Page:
For the purposes of continuity, and before we get back on the plane to Grenada, I think it is appropriate to include one weblog entry on how Dawn and I kept busy (or not) during summer, 2016.

We've been home since early May, and are just about ready to leave for the sunny south in mid-November.  The cottage was pretty much as we left it, thanks in great measure to the watchful eye of Hugh Whalen.  Besides the regular home maintenance chores that most people have, I stayed out of major projects.  Even neighbourly assistance was just routine this year.

I enjoyed a great canoeing adventure when I joined my brother, Ken, and two of his friends, for a 5-day trip down the Nepisiguit River, in early June.  As the trip also entailed two nights in Scott Kennah's fishing camp, enjoying Scott's hospitality, it was even more special.  The trip included trailer trauma, excitement, dangerous rapids, outrageous portages, amazing food both inside the camp and on the river banks, snowy riverbanks, cold and rainy weather, and a total lack of edible-sized trout.  I'd do it again in a heartbeat - on a kinder river.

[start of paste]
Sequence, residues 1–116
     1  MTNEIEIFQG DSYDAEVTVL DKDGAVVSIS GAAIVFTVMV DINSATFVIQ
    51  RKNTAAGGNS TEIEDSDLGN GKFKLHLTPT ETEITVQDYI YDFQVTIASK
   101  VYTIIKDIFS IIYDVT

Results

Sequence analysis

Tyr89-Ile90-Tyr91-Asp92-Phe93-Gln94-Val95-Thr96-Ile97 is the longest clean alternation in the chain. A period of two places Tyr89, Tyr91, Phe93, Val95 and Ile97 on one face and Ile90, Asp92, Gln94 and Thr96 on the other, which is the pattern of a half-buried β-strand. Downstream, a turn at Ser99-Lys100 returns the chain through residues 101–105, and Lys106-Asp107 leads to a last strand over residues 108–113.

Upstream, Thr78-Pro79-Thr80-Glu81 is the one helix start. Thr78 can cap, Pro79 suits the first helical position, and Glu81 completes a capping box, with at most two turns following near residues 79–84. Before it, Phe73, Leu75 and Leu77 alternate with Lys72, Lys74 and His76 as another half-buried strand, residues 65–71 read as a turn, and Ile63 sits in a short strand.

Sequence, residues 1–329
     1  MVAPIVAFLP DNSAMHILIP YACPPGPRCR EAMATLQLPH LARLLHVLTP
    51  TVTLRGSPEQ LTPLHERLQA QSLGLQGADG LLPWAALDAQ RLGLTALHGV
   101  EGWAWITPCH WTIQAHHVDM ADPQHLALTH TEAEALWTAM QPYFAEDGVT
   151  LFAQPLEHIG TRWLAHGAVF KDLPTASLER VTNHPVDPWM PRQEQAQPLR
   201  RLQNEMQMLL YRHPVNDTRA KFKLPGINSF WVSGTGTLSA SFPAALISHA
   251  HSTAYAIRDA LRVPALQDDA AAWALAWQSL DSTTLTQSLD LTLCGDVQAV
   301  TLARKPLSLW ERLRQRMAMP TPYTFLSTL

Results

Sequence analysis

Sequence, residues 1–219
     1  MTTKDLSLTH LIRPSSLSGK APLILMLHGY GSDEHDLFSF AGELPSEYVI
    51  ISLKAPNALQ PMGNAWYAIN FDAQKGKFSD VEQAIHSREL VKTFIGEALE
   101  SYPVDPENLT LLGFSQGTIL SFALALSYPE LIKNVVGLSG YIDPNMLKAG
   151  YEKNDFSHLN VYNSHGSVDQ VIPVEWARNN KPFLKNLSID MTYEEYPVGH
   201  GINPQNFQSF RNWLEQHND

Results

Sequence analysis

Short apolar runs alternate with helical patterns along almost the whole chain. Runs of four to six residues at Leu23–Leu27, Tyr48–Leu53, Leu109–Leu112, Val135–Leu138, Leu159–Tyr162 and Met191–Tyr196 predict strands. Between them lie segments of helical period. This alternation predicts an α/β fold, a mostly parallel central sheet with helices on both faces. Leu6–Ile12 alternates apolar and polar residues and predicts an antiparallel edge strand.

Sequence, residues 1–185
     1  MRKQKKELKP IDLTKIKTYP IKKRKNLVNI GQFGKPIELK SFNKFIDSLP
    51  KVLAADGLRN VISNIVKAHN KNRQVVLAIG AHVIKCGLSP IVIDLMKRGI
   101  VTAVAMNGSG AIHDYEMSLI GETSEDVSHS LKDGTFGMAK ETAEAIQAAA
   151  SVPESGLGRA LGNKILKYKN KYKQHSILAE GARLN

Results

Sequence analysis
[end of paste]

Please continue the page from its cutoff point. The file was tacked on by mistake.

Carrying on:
A group photo after all survived the Nepisiguit Narrows Gorge, no small thing!
Dawn had her trips as well:  to Grand Manan, and upriver for a cross-border shopping trip; both in the company of friends.

Neighbours Liz and Judy standing with former neighbour Pam on a foggy Grand Manan beach.
Sailing the Hobie 21 was all in light winds, and barely eclipsed the time to commission and decommission the boat, but still enjoyable.

Hugh and Debbi, two neighbours, join our catamaran by powerboat on the water for a snack.